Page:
A 22-year-old woman with a history of polycystic ovary syndrome (PCOS) presented to the Family Medicine Clinic to establish care with a primary care physician. The patient complained of lesions around her labia that had been present for at least 6 months. She has never had a cervical exam and has never been tested for STDs in the past. Pelvic examination revealed multiple (>20) 1-2 mm wart-like lesions on the labia majora (Figure 1). At this time, the lesions were light brown, similar to the patient’s skin, soft, cauliflower-like and without discomfort such as pain, redness or itching. The rest of the physical examination was unremarkable. Papanicolaou (Pap) smear and screening specimens for sexually transmitted diseases (STIs) were collected.

The patient was positive for C. trachomatis Infection and cervical cytology led to LSIL. She was treated promptly C. trachomatis with doxycycline. The patient returned to the clinic for biopsy of the vulval lesions. Because of the LSIL diagnosis, an HPV sample was also taken at the time. The biopsy revealed that the culprit of the lesions was condyloma acuminatum. E6/E7 viral messenger RNA from 14 high-risk HPV types (16, 18, 31, 33, 35, 39, 45, 51, 52, 56, 58, 59, 66, 68) was not detected.

The patient was advised to return for another pap smear test in 6 months for LSIL with no high-risk HPV finding and to return earlier to discuss treatment of genital warts with trichloroacetic acid (TCA). When the patient returned, the lesions around the labia were spread bilaterally with no improvement in number or appearance; However, the patient complained of severe discomfort due to itching. She agreed to continue TCA treatment (Fig 2). The patient tolerated the first TCA treatment well. Several warts remained after treatment, but five larger warts reduced in size. The patient agreed to continue TCA treatment weekly and will be followed up for a Pap smear in 6 months.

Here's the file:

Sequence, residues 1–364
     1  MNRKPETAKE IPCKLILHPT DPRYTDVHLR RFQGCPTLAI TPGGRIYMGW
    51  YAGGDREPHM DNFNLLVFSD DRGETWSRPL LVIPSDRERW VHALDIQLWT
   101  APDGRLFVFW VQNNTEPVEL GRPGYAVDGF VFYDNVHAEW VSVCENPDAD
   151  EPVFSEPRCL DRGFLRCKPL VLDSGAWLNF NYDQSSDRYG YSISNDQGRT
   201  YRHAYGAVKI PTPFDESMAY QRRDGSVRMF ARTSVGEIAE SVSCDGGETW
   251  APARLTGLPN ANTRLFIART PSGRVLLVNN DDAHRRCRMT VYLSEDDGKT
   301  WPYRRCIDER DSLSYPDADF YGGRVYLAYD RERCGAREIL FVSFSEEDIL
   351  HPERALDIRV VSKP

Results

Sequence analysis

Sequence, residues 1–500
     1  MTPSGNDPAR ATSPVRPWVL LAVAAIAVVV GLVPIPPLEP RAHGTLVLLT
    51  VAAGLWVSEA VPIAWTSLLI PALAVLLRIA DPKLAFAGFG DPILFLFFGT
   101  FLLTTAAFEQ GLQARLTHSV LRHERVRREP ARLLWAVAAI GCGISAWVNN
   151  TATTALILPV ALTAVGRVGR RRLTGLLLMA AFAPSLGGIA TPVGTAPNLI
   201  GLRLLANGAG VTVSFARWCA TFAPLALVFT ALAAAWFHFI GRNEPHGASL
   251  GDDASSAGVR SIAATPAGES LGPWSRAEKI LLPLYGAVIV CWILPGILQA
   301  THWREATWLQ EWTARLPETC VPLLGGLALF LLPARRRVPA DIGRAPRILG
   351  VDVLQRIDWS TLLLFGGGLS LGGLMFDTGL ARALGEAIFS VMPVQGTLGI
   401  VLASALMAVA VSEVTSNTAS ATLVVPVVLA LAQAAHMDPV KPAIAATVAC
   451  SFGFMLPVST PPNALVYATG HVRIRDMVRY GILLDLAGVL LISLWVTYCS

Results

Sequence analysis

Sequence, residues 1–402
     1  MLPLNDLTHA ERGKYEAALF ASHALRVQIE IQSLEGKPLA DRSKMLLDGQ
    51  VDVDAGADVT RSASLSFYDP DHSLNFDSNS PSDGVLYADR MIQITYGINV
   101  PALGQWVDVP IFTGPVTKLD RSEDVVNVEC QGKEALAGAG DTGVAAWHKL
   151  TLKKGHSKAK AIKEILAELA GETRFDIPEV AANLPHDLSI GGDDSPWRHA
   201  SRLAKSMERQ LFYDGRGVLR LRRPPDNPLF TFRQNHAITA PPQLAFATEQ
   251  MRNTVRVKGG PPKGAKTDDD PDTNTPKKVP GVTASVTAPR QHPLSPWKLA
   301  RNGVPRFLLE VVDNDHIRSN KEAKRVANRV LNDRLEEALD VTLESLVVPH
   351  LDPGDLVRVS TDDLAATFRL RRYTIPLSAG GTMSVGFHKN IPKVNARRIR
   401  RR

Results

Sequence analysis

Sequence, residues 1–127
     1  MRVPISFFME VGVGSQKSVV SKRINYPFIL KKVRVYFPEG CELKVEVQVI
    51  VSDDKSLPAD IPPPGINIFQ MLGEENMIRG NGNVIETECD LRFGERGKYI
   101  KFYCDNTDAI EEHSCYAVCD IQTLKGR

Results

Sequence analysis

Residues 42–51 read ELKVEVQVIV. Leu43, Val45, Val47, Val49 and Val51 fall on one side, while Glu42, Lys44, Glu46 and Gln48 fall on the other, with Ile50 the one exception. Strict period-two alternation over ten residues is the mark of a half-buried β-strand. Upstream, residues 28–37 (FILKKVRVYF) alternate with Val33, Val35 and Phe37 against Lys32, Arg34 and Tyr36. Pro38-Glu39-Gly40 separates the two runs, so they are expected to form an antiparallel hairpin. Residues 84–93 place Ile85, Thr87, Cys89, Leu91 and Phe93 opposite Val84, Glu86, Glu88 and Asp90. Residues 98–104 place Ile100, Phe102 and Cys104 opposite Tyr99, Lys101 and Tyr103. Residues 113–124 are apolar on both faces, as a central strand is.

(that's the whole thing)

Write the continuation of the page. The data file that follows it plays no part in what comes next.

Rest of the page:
Vulvar Lesions Immediately After First Trichloroacetic Acid (TCA) Treatment


C. trachomatis is a common sexually transmitted disease. Although it is easily treatable, it is often asymptomatic and causes damage to the female reproductive tract through the formation of scar tissue [4]. Not only can it cause such permanent damage, but it also has the potential to alter the cervical epithelium.